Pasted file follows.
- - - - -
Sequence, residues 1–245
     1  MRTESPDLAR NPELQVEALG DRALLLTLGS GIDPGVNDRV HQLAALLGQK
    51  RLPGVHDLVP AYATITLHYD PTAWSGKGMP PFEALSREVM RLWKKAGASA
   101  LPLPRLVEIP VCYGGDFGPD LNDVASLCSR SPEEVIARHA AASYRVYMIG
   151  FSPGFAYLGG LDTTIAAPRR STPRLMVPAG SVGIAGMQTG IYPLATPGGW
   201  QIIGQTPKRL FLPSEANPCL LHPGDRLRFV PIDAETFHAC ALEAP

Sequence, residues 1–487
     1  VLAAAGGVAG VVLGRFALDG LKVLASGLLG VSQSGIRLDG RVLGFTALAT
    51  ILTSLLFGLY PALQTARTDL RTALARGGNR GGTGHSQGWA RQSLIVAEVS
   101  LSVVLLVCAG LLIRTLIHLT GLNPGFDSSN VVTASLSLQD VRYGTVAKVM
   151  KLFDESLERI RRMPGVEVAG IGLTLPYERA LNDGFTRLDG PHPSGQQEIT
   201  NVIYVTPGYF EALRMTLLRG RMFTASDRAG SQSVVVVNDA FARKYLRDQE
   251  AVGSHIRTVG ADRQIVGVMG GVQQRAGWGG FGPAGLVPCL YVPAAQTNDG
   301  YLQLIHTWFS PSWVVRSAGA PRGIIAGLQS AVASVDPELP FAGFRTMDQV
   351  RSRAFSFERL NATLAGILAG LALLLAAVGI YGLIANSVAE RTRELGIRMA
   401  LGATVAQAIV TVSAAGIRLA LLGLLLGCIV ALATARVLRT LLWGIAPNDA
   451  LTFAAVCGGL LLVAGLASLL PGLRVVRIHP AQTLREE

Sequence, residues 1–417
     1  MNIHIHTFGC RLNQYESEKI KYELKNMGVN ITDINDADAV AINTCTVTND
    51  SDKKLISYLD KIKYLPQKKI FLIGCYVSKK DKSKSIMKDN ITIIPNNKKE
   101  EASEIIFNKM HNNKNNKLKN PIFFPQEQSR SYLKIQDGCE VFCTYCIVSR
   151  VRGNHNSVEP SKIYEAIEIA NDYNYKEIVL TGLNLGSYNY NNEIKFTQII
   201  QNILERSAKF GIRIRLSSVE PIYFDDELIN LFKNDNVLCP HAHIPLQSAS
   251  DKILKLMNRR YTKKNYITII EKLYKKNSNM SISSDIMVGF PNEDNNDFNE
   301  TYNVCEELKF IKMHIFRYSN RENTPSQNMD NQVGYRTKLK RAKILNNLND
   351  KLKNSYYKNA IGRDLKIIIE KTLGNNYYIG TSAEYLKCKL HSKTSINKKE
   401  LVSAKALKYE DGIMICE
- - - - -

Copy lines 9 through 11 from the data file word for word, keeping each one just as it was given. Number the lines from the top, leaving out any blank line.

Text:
    51  ILTSLLFGLY PALQTARTDL RTALARGGNR GGTGHSQGWA RQSLIVAEVS
   101  LSVVLLVCAG LLIRTLIHLT GLNPGFDSSN VVTASLSLQD VRYGTVAKVM
   151  KLFDESLERI RRMPGVEVAG IGLTLPYERA LNDGFTRLDG PHPSGQQEIT